Letby was at her salsa class when a friend updated her about Baby F’s condition, describing him as “a bit more stable”, but adding that staff were concerned and “doing various tests” to try to identify the cause of his hypoglycemia.
She replied: “Oh dear. Thanks for letting me know. Wonder if he has an endocrine problem then. Hope they can get to bottom of it. On way home from salsa with Minna. Feel better now I’ve been out.”
Letby lived with Ms Lappalainen in Chester between January and June 2015, before moving back into the hospital’s Ash House accommodation block. Her move came shortly before the deaths of babies in the hospital’s pediatric unit began.
There followed a period between November 27, 2015, and February 17, 2016, where no attempts or murders appear to have taken place.
Just over a month after this pause came to an end, Letby bought a three-bedroom semi-detached for £180,000 in Blacon, a suburb on the edge of the city, two miles from the extensive Countess campus, where she held a prosecco and vodka housewarming party for colleagues.
Lucy Letby’s bedroom
Here her bedroom seemed almost like that of a young teenager, rather than a woman in her early thirties.
Photographs taken by police showed a pink and white spotted dressing gown hanging on a door, cuddly toys on the bed, including Winnie-the-Pooh and Eeyore, with a picture saying “leave sparkles wherever you go” hung on the wall.
The upstairs landing had framed pictures of her young godchildren and cousin, while her fridge was decorated with photographs of Ms Letby’s parents, as well as a handwritten card describing her as “number one godmother”. There was also a child’s bedroom, which she had not got around to redecorating.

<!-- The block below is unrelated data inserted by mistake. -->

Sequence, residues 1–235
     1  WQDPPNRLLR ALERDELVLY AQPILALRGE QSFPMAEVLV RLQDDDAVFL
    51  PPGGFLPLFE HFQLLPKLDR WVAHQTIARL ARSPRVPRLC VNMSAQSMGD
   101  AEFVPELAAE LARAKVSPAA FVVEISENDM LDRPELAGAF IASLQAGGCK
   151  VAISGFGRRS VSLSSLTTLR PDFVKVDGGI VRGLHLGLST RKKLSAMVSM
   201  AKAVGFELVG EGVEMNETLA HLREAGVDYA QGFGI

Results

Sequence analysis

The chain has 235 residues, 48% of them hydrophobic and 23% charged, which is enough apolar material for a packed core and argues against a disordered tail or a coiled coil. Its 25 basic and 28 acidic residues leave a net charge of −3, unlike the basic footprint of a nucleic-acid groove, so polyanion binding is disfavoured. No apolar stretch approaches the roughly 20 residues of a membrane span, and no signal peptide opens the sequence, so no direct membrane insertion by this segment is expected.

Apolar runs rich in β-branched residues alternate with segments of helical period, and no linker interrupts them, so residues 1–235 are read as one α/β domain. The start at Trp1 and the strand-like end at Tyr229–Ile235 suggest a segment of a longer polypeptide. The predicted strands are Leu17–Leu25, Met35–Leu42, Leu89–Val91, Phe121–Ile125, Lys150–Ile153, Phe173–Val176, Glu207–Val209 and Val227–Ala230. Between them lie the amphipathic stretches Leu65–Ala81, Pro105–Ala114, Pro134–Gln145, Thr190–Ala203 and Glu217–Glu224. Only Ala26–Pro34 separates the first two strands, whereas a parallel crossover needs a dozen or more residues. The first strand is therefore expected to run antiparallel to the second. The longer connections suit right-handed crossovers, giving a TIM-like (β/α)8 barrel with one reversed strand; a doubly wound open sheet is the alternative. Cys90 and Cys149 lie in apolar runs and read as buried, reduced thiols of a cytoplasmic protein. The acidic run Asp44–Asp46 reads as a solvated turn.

She had two cats, Smudge and Tigger, and had written herself a birthday card “from” them, reading: “Happy Birthday Mummy.” In court, she sobbed and wiped away a tear when asked about them by her barrister, Benjamin Myers KC.
There appeared to be an emotional immaturity about Letby. She had no boyfriend at the time of the deaths and none in her recent past, it seemed, but had developed a “close” friendship – some described it as a crush – with a married registrar at some point after she joined the neonatal unit. They would text each other frequently, go on walks together, have coffee and even enjoyed day trips to London.
Nursing handover sheets
More disturbingly, police also found 257 nursing handover sheets in a bin bag in the garage of her Chester home and her parents’ house. She had even kept one such handover note from June 1, 2010, her first day of work as a student nurse, as an apparent souvenir in a box decorated with roses.